DemocracyNow.org - Today we look at the capture of Osama bin Laden -- the focus of the controversial new movie, "Zero Dark Thirty" -- which was released this week. Billed as "the story of history's greatest manhunt for the world's most dangerous man," the film has come under harsh criticism from Republican Sen. John McCain and Democratic Senators Dianne Feinstein and Carl Levin for its depiction of torture. Meanwhile, Pakistan continues to face the fallout from the raid that led to the capture and killing of bin Laden in May 2011. Eight health workers have been killed this week during a nationwide anti-polio drive, as opposition to such immunization efforts in parts of country has increased after the fake CIA hepatitis vaccination campaign that helped locate bin Laden last year. Pakistan is one of only three countries in the world where polio remains endemic. Pakistani clerics said medical workers should not pay the price for those who collaborated with the CIA. For more we're joined by Matthieu Aikins, who just returned from two months in Pakistan researching what led to the capture and killing of bin Laden. His most recent article for GQ Magazine is called, "The Doctor, the CIA, and the Blood of Bin Laden." To watch the entire weekday independent news hour, read the transcript, download the podcast, search our vast archive, or to find more information about Democracy Now! and Amy Goodman, visit http://www.democracynow.org.
Benjamin Creme, the official spokesperson for the "world teacher" Maitreya, appeared during the middle two hours of the program. Maitreya (photos), he said, can make himself visible in any form, using "familiars" who become vehicles for his consciousness. In fact, Creme said that it was Maitreya's consciousness that worked through Jesus during his final three years leading up to the crucifixion. Maitreya, he added, also gave advice and instructions to Yasser Arafat, whom Creme characterized as a "great man."
In addition to Maitreya, there are 14 other spiritual "masters of wisdom" who have returned to the world, to assist humanity in moving from one cosmic cycle to the next, including Jesus, who is now located in Rome, said Creme. The other planets in our solar system are teeming with life, though it is on the etheric planes, he noted. UFOs are also made of this less dense, etheric matter but can become visible when they temporarily lower their rate of vibration in order to be seen, he explained.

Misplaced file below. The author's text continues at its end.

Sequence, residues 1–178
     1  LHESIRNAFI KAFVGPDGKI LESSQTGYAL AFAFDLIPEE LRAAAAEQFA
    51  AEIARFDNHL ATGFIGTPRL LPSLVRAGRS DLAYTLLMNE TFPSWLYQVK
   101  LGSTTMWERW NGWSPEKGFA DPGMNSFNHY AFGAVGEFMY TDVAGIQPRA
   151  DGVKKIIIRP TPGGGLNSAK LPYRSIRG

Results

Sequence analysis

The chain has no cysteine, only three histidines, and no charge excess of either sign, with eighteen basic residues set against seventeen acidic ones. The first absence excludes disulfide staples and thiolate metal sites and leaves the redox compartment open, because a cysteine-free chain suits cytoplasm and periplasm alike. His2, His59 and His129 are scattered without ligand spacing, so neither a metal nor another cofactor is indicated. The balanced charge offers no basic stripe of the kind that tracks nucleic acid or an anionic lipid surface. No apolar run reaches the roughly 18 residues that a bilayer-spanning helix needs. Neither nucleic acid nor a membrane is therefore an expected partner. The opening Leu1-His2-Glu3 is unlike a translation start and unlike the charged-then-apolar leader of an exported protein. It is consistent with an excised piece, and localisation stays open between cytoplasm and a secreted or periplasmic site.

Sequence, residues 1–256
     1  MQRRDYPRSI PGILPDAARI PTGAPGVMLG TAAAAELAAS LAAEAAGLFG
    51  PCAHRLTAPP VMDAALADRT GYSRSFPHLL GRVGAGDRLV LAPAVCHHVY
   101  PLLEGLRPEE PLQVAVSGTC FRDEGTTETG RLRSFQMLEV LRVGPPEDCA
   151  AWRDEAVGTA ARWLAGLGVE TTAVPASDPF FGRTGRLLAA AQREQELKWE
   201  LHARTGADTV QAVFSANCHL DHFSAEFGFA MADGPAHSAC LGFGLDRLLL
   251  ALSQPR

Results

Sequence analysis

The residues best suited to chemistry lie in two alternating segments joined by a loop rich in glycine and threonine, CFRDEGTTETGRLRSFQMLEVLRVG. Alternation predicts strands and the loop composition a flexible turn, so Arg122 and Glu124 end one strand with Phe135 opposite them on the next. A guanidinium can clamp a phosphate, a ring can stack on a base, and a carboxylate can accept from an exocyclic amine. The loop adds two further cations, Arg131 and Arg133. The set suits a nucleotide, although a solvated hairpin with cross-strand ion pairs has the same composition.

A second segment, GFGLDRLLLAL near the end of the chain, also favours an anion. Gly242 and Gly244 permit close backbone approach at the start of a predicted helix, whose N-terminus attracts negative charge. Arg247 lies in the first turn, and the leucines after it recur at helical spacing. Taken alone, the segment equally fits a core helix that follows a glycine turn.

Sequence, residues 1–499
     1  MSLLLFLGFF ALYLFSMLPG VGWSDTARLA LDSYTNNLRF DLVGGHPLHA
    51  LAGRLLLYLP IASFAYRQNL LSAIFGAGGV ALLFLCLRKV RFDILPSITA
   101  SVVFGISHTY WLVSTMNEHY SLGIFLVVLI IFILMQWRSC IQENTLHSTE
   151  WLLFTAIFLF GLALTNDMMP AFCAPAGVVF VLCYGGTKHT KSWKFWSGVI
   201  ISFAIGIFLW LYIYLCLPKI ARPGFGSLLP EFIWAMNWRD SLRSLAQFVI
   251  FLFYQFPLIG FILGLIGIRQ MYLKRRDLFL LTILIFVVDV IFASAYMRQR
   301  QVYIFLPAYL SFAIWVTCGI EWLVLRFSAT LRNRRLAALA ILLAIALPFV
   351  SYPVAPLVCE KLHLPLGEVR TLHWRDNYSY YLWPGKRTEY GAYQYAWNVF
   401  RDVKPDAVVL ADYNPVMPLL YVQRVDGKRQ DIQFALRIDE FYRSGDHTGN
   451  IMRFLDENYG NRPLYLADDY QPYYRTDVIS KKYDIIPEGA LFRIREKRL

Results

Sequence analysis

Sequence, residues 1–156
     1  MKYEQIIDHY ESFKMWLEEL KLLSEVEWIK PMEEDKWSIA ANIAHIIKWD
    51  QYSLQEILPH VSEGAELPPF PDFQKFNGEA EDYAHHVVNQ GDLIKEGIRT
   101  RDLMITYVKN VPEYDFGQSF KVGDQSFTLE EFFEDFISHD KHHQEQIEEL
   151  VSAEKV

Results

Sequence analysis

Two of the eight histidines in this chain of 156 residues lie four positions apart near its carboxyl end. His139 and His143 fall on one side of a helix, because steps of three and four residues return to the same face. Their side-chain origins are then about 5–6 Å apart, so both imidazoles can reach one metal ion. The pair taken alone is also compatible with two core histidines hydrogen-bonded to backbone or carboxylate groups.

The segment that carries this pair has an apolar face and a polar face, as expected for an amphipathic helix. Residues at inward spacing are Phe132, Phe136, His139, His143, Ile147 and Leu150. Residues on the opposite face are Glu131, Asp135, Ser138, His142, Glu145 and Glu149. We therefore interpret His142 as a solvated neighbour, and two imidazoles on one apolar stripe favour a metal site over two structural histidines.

We can evolve by becoming detached from our emotions, and recognizing that they have no more reality than dreams, Creme advised. He also advocated practicing honesty of mind and sincerity of spirit. In the final hour, Open Lines featured callers reacting to Creme's appearance.
Benjamin Creme, a British artist and long-time student of the Ageless Wisdom Teachings, has become the principal source of information about the emergence of Maitreya, the World Teacher. In 1959, Mr. Creme received his first telepathic message from a Master of Wisdom. Not long after, he was informed that Maitreya would return within 20 years and that he (Creme) would be given the opportunity to play an active role in this event if he chose to do so. Mr. Creme has written 10 books, gives lectures, and is interviewed regularly on radio and television. He is also coeditor of Share International, a monthly magazine read in over 70 countries.
Maitreya (Sanskrit), Metteyya (Pāli), or Jampa (Tibetan), is foretold as a future Buddha of this world in Buddhist eschatology. In some Buddhist literature, such as the Amitabha Sutra and the Lotus Sutra, he is referred to as Ajita Bodhisattva.
Maitreya is a bodhisattva who in the Buddhist tradition is to appear on Earth, achieve complete enlightenment, and teach the pure dharma. According to scriptures, Maitreya will be a successor of the historic Śākyamuni Buddha. The prophecy of the arrival of Maitreya references a time when the Dharma will have been forgotten on Jambudvipa. It is found in the canonical literature of all Buddhist sects (Theravāda, Mahāyāna, Vajrayāna), and is accepted by most Buddhists as a statement about an event that will take place when the Dharma will have been forgotten on Earth.
The name Maitreya (Metteyya in Pāli) is derived from the Sanskrit word maitrī (Pāli: mettā) meaning "loving-kindness", which is in turn derived from the noun mitra (Pāli: mitta) in the sense of "friend".
The earliest mention of Metteyya is in the Cakavatti (Sihanada) Sutta in the Digha Nikaya 26 of the Pali Canon. He occurs in no other sutta in the Pali Canon, and this casts doubt as to the sutta's authenticity. Most of the Buddha's sermons are presented as preached in answer to a question, or in some other appropriate context, but this one has a beginning and an ending in which the Buddha is talking to monks about something totally different. This leads Gombrich to conclude that either whole sutta is apocryphal, or it has at least been tampered with.
Maitreya is sometimes represented seated on a throne Western-style, and venerated both in Mahāyāna and non-Mahāyāna Buddhism. Some have speculated that inspiration for Maitreya may have come from the ancient Indo-Iranian deity Mithra. The primary comparison between the two characters appears to be the similarity of their names. According to a book entitled The Religion of the Iranian Peoples, "No one who has studied the Zoroastrian doctrine of the Saoshyants or the coming saviour-prophets can fail to see their resemblance to the future Maitreya.